Following Councillor Betts (Conservative, Welling & Falconwood)
call for a vote on the sale of the four parks, Councillor Daniel Francis
(Labour, Belvedere) said he had some procedural questions and some on each of
the four sites. He would be “most unhappy” to move straight to the motion. “What
I am hearing is that one member believes the report completely deals with the
objections with no outstanding queries” - he was interrupted by Councillor Sharon
Massey who has no idea of how to behave at meetings but at least she did not
call Councillor Francis a ‘Dickhead’ on this occasion - but he ploughed on
anyway saying that “we should not be proceeding to the motion without a single
question having been asked”.
It seemed a reasonable point and the Chairman agreed, asking Councillor Francis to put his questions. The ‘questions’ were mixed with requests and statements.
• The Legal Officer was asked to remind members of the reasons why a Public Inquiry may or may not be necessary.
• There was a reminder that the Agenda stated that selling 26 sites would raise £710,000 and Agendas as far back as March 2016 had said the same thing.
• In contrast a Consultation had stated that four sites could raise £1 million.
• It had been stated that the land was designated neither Metropolitan Open Land nor Green Belt and clarification on what the designation was was requested.
• Councillor Francis was critical of the placement of the Legal Notice in the News Shopper and said that publicity in the Bexley Magazine would have achieved a wider distribution. (Councillor Massey attempted another interruption.)
• In reference to the West Street site it was said that only 30% of households in Erith received the News Shopper. It was only 1·33% in Thamesmead.
• Councillor Francis reminded the meeting that a Cabinet Member had said the final decision would be taken “tonight” and queried whether that might invalidate the decision making process. (The decision will go back to Cabinet and Council.)
• Impact Assessment advice was that disabled people would be disproportionately affected by the sale of parks. Was the Committee happy with that?
• Was there an investigation into why the Consultation email address was generating bounce backs?
Legal Officer Akin Alabi said unresolved objections should be considered by the General Purposes Committee “on their merits having regard to the guidelines”. The Committee must decide whether “the objections are of such a nature to make this an exceptional case”. It was a superb piece of waffle that without any legal training whatsoever I could easily have come out with myself. The “sheer voloume of objections” was of no consequence. “They do not import any significant point of law.”
Ms. Ainge and her colleagues attempted to answer the outstanding questions.
• She said the Consultation “would stand up legally”. There was no requirement to include any financial information in it.
• The two Wilde Road sites were designated for Residential Use and the remainder of the land under consideration was designated Urban Open Space.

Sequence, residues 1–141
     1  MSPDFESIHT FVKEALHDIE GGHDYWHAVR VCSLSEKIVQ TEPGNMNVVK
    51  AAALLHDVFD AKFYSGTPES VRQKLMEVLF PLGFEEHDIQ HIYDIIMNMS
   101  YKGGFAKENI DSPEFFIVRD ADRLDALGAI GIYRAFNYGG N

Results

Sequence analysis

• The Act only requires a single advertisement in the local newspaper and three were placed. (This in no way widens the distribution but Ms. Ainge was not interested in practicalities.)
• She confirmed that Cabinet had stated the final decision would be taken by General Purposes, but this was wrong, but her actions remained “compliant”.
• The impact on the disabled was “a judgment call” and it is for the Committee to consider. It might be resolved by “additional signage” to the nearby park. (The one which can only be accessed by means of a railway footbridge.)
• One respondent who experienced an email bounce back eventually managed to get his objection through the system so it was not an unresolved objection. Ms. Ainge believed there were no other bounce backs.
The Chairman suggested that the bounce back may have been caused by the sender’s error. Councillor Francis showed that the email which was eventually received bore the same email address as the one that failed - and was appended to the second attempt.
There was no comment on the £710,000 v £1 million question.
As you may surmise, Council officers have a glib answer to everything and when their actions have been less than perfect it is never of any real consequence. When all else fails, ignore the question. The result is predetermined and any concession would be more than their job is worth.
The opposition’s procedural questions were probably the result of much time consuming research among those 1,282 pages but the ensuing argument was no different to any number which go on in Council meetings. They are rituals that have to be gone through for appearances sake.
The opposition bowls a googly, the ball is allowed to run into the long grass and rarely is anyone interested in retrieving it.
What’s the point? They’d only change the rules. When the stumps are knocked from the ground, it’s always declared a no ball.
Not that Councillor Francis gets disheartened, he announced his intention to ask specific questions on the four sites for sale. It seems like a good time to end this report and maybe continue tomorrow.